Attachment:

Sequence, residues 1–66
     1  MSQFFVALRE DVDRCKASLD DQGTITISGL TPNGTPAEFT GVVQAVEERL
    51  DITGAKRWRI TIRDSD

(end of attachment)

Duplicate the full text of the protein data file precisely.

Sequence, residues 1–66
     1  MSQFFVALRE DVDRCKASLD DQGTITISGL TPNGTPAEFT GVVQAVEERL
    51  DITGAKRWRI TIRDSD